Monday, February 2, 2009
The Pie Alternative: Warm Apple Flognarde
First off, a big thank you and hello to Danie at http://www.piqueaboo.com/ for linking to our page! We've linked back over to her as well, and suggest you check out her take on life in San Francisco (and lots of other things as well). Rumor has it that she's purchasing a food processor soon. Will it make an appearance at piqueaboo.com? Inquiring minds want to know. :-P
Now, onwards to this week's recipe!
Flognarde. Flog-narde. Doesn't sound appealing, I know. It's actually pronounced "flon-YARD." Does that help?
I suggest you get over the name quickly, because if you don't, you'll miss out on a delightful, versatile dish, appropriate for either dessert or brunch; a fluffy, fruit-filled, half-pancake, half-custard mutation of deliciousness. In short, it turns this...
(Is this just an excuse to run more stunning apple pictures? Yes. Do you have a problem with it? Tough.)
I decided to make a flognarde this week because it's been very, very cold outside, and our house has recently been overflowing with apples. As some of you know, we've been regularly receiving a weekly share of the harvest from Keystone Farms, located outside Philadelphia. Every week, we receive a heaping crate of vegetables, gorgeous meat, locally produced cheese, organic granola, and a few fun extras here and there, like small-batch cured bacon.
While what we receive changes from week to week, the one thing we can always rely on getting is at least a pound or three of apples. And sure, you can eat them raw, you can bake them with butter, you can make pie, but soon enough, the well of ideas begins to dry up. And that, dear readers, is where flognarde comes in.
Without further delay, to the recipe.
Warm Apple Flognarde
Fills one 8" pie pan
2 Extra-Large Eggs + two Extra-Large Egg Yolks
1/3 Cup of Sugar
1 Cup Light Cream (or heavy, if that's all you have)
1/2 Cup Milk
1 Tablespoons Calvados (or Cognac, or Brandy)
1 Tablespoon Vanilla extract
The zest of 2 Lemons
1/4 Cup + two Tablespoons sifted Flour
Pinch of Kosher salt
3 Cups peeled and sectioned Apples of your choice
(estimated; as many as will fill the bottom of your pan in a single layer)
Butter or Cooking Spray, 1/8th cup sugar + a healthy pinch of cinnamon to coat the pie pan
Confectioner's sugar, thyme sprigs, and fresh whipped cream
(to garnish, all optional)
Preheat your oven to 400F.
Whip the eggs, egg yolks, and sugar with a hand-mixer, on high, until glossy and thick, about two minutes.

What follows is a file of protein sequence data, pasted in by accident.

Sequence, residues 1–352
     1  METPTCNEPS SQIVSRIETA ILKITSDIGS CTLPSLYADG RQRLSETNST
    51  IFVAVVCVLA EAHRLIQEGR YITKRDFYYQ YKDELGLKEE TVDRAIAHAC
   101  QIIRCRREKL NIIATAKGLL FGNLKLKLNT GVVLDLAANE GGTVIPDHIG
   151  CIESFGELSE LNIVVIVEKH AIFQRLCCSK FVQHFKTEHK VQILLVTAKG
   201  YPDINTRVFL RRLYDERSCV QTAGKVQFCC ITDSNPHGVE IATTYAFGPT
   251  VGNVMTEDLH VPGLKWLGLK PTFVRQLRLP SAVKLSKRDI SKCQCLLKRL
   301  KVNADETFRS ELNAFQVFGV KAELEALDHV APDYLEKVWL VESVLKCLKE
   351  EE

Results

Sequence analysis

Still on high speed, mix in the rest of the wet ingredients (Cream, Milk, Calvados, Vanilla and lemon zest).
Turning your mixer to low (or switching to a heavy spoon or spatula), carefully add the flour until just combined. You want things well mixed together, but not overworked.
Once you're satisfied all the ingredients are properly integrated, set the bowl aside, at room temperature, for 10 minutes, or as long as it takes you to peel and section your apples.
Peel and section your apples. (You saw that coming, didn't you?)
Butter or spray the pan you'll be using to cook the flognarde in. Immediately afterwards, pour a small handful of sugar into the pan, rolling it around until all the buttered surface area is well coated with sugar. Tap out and dispose any extra that does not bind to the coating. As a last step, dust the bottom of the pan with a light dusting of cinnamon.
This process helps create a caramelized sugar crust underneath the flognarde, much like the shell on a traditional French canelé. You have a little room to play here -- a smaller pan, like an 8" pie pan, will give you a more custardy flognarde, but with less caramelization at the crust. Using a larger tart pan, like you see here, ups the toasted sugar levels, but will be a bit fluffier, and more cake like. Experiment and see what you like best.
The batter should be rested, the apples peeled, the pan ready. Let's put it together! Lay the apple sections in a single layer at the bottom of the pie pan. Pack them in well, but be careful not to scrape off the butter/sugar/cinnamon coating you worked so hard to create there.
Once the pan is filled, pour the rested batter over the apples. It's just fine if a few of them peek through to the top, uncoated -- don't worry, that's part of the appeal. Don't mess with it!
Pop the whole deal into your oven for a little over a half-hour. What you're looking for is for the whole deal to puff up, get deep, toasty brown and glazed on the edges, and to be firm and golden in the middle. Don't worry if it takes longer -- if it's feeling stubborn, it may go for an extra 15 to 20 minutes. As before, the more cooked, the more caramelized, the less cooked, the more custardy. If everything's gone right, it should look something like this:
And that's about it! Be sure to serve it while still warm. A dusting of powdered sugar, some freshly whipped cream, and a sprig of thyme all make a nice addition if you've got company over.
This dish gains its brilliance from the interplay between the many layers of flavor and texture -- the sticky caramel on the outside, the fluffy pancake-like layer in between, and the silky, brilliant, lemon-tinged custard in the middle. After all that, having juicy segments of baked apple just seems gratuitous, eh? Best of all, this dish works with almost any kind of fruit -- try it with pears, berries, bananas, and every type of stone-fruit you can think of.
Warm and gooey enough to keep you toasty in the winter, but lemony and fluffy enough to have a second slice, we're hard pressed to think of a better February dessert. Go forth and make it. We'll see you next week. A little music to send you out...
Music: Kamikazee -- "Narda (Acoustic)"